The result should be a long square tube with lines scored across it on the inside:
Folding the bellows
Folding the bellows is quite a slow process and can cause a few crises of confidence the first time you do it, but isn’t difficult. With the tube standing on end in front of you, fold the top section of the side facing you outwards along the scored line. Turn the tube ninety degress and fold the top section that’s now facing you inwards, then turn the tube another ninety degrees and fold the top section outwards, and finally turn the tube another ninety degrees and fold the top section inwards. That’s the top row done! Turning another ninety degrees gets back to having the side you started with facing you. Moving down a row, fold the next section inwards along the scored line, then rotate and fold the next section outwards and so on. Work your way down the tube a row at at time making sure to follow the alternate out-in folding pattern. Eventually you’ll get to the bottom and will discover you have created a set of bellows.
In order to fix the bellows to the rest of the contraption, a plate of 2mm MDF was attached to each end. At the camera end this was cut to the outside size of the bellows, and had a 9cm diameter hole cut in the centre. This was then bolted to a (cheap) 100mm filter holder (using the screws that normally hold the filter slots in place). This gives an easy way to attach to the camera lens. The other piece of MDF was cut to the height of the bellows and about 5mm wider ar each side, this time with a 10.5cm (width) by 7cm (height) hole in the middle. Both MDF plates were glued to the bellows using impact adhesive. The final bellows assembly looks like this:
The sides, top and bottom of mine are made from four pieces of 12mm MDF (2 @ 9cm by 15cm and 2 @ 9cm by 9cm) glued together to form a rectangular tube 15cm wide, 11.5cm high and 9cm deep). The plates for the front and back of the box are made from a couple of pieces of 2mm MDF that used to be the backing of a picture frame. These were both cut to 15cm by 11.5cm.
The piece for the front had a rectangular hole cut 15mm in from the edge all round (so the cutout is 12cm by 8.5cm) and was glued in place. It then had 10mm plastic strips glued vertically at the outsides, and 15mm wide strips of MDF glued to these, giving a slot that the plate at the end of the bellows unit can slide into.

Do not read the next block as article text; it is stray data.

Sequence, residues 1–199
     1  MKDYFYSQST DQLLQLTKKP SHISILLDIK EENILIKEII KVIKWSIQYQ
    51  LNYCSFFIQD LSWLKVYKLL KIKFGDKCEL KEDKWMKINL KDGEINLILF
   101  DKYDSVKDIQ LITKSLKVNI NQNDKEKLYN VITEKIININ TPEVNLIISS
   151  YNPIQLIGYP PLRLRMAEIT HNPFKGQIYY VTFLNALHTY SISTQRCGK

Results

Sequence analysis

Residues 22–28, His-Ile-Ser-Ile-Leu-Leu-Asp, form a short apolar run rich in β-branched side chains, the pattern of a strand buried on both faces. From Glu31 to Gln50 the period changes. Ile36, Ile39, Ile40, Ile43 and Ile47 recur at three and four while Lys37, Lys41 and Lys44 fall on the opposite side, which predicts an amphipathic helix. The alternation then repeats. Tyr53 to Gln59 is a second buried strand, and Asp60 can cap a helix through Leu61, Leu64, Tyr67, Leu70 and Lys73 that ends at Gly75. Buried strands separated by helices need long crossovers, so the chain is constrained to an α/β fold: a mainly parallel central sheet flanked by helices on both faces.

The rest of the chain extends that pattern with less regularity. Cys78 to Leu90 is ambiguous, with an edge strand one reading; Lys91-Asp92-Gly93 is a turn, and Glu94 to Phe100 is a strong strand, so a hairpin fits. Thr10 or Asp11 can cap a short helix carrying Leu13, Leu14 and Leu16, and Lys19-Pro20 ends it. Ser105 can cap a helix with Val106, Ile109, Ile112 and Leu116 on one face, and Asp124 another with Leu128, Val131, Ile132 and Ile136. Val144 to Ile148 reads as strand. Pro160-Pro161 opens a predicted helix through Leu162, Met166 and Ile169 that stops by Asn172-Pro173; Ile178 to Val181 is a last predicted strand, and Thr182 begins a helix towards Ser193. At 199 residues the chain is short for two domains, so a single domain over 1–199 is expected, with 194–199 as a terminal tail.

The back plate for the box had a 9cm by 6cm hole cut in the centre, then two strips of 6mm by 18mm wood glued horizontally on the outside at top and bottom, Strips of about 1mm thick styrene sheet, 25mm wide were glued on top of these. The result is a horizontal slot for the film/slide holder. The completed back plate was then glued and screwed to the back of the box. At this point the inside of the box was painted black.
Film holders were made from three strips of card about the same thickness as a 35mm slide mount, cut to fit between the slots on the back of the box: for mounted 35mm slides the outer pair have holes the size of a 35mm film frame, the inner one the size of a 35mm slide mount. It would have been good to use black card, but the only card I had in-house that was thick enough was grey so I used that. For unmounted slides and negatives the inner piece of card was replaced by thinner strips sandwiched to make a guide the film could slide through.
Setting it up
I used a camera slider to mount the copying setup on as I had one that was bought for an as-yet-unbuilt timelapse controller project: if that wasn’t lying around already a piece of wood could have done the job equally well at risk of making the contraption look even more agricultural.
The camera was mounted on an Arca Swiss style plate on the slider platform, and when it was coupled up to the box and bellows it was fairly easy to measure the amount the box needed to be raised so it was aligned with the centre of the lens vertically. This was about 21mm, so a spacer was made from a 3mm alloy plate attached to the bottom of an 18mm offcut of laminated oak, both of which I had lying around. The alloy plate had a hole drilled and tapped in the centre for attaching ta bolt through one of the holes in the slider rail, and finally a piece of 20mm plastic angle was attached to one side of the alloy plate to keep the box straight.
All put together it looks like this:
It’s a bit (very) agricultural, but given that it was almost entirely built with scrap materials it’s not too bad, and the results so far have been good. In use I’ve found the best results have been obtained by bouncing flash off a plain white wall as the source of backlighting for the slides/film.